Elementary school teachers in Florida found a surprise new student waiting for them on campus Wednesday morning.
An 8-foot, 2-inch alligator was found by a custodian at the Palm View Elementary School in Palmetto, Fla., according to The Bradenton Herald. It was found before students had arrived for their second-to-last day of school, based on the district calendar.
“We started taking every precaution we could,” Principal Kaththea Johnson told the outlet.
In a statement on the school’s Facebook page, Johnson explained the area around the gator was roped off and school faculty called 911.
Johnson told The Herald the pickup line for students was moved farther away from where the gator was found. The outlet also reported that students were able to get to their classes through the buildings, avoiding the alligator in the outside hallway.
A trapper with the Florida Wildlife Commission responded to the call and removed the alligator.
“I just want to emphasize that everyone is safe and I want to thank our school staff, law enforcement and Florida Wildlife for helping us to deal with this unusual event,” Johnson added in the Wednesday afternoon statement.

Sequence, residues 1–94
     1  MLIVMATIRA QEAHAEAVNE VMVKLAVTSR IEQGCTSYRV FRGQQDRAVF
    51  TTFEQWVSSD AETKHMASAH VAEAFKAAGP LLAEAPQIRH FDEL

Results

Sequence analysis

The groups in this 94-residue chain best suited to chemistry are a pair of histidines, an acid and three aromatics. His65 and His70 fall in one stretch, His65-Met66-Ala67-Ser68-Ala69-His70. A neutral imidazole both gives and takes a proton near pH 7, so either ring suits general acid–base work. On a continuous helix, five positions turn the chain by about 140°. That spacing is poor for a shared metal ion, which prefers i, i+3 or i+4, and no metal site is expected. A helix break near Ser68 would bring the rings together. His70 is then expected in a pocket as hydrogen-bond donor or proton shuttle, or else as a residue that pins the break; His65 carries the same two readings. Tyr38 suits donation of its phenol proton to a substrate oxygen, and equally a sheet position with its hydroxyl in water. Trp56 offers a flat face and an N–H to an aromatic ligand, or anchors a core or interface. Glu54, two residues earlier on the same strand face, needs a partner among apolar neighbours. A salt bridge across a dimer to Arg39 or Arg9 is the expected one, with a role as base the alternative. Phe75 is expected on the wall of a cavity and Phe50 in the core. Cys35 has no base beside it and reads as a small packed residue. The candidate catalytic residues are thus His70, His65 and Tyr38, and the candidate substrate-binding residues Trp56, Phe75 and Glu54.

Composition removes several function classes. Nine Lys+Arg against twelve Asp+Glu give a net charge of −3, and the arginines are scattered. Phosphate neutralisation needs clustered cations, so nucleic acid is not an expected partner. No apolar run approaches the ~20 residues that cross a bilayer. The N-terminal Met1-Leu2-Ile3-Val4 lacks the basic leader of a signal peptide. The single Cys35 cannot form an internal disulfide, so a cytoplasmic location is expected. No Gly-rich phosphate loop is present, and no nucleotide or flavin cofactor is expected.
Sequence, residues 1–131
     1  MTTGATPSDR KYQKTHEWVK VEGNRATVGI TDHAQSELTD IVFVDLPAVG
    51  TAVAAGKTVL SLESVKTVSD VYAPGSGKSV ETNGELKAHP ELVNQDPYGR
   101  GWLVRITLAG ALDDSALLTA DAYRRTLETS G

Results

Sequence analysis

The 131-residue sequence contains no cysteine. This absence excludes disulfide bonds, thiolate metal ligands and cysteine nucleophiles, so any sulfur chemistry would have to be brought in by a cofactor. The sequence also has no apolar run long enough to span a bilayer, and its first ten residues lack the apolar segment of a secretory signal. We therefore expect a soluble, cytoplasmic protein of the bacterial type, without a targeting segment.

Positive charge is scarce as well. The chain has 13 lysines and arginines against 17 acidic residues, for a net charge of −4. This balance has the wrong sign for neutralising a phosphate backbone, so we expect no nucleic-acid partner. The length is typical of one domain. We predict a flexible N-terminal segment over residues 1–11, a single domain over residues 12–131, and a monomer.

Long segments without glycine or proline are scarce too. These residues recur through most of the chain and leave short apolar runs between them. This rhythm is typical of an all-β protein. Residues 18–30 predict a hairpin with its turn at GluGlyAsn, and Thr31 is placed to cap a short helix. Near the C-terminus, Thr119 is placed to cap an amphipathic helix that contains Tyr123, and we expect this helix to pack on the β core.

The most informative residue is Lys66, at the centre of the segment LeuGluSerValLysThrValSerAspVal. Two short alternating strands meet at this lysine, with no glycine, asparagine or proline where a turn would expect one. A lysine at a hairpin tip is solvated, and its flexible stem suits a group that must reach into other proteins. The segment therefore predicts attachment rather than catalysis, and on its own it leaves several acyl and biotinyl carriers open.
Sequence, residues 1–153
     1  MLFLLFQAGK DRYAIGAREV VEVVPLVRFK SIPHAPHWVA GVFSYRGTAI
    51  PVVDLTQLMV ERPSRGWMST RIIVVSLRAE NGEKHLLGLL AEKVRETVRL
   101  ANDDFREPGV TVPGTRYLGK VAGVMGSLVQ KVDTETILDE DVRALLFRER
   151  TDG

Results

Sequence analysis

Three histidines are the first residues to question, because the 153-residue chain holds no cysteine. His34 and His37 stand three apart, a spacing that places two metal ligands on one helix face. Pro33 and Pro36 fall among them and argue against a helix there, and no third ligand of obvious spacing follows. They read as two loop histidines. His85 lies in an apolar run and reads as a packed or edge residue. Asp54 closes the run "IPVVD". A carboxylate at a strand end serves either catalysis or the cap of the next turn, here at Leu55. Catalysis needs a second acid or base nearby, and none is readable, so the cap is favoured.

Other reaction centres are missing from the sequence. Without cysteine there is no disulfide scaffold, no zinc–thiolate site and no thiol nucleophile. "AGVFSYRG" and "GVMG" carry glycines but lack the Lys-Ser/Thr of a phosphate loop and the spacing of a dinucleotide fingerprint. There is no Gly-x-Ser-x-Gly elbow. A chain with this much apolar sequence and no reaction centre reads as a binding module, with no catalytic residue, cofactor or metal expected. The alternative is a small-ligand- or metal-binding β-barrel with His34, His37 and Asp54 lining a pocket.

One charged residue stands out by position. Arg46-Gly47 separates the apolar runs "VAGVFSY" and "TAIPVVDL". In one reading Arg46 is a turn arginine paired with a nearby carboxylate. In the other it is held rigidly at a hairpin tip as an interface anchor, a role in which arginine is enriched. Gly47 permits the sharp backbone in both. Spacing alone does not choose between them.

After it was removed from the elementary school, the alligator was sold to a live alligator farm, The Herald reported.
Alligators are expected to be seen around the coastal South more, now that the weather is warm and mating season has begun.
According to the South Carolina Department of Natural Resources (DNR), alligators begin courting in April and breed in late May and early June.
The warm weather also revs up the prehistoric predators' metabolism, making them more active and aggressive as they hunt for prey and mate in the coastal South.
The FWC recommends not swimming during dusk or dawn, an alligator’s most active hours, keeping animals on a leash and away from water and keeping a safe distance away from the animal.
Fox News' Allie Raffa contributed to this report.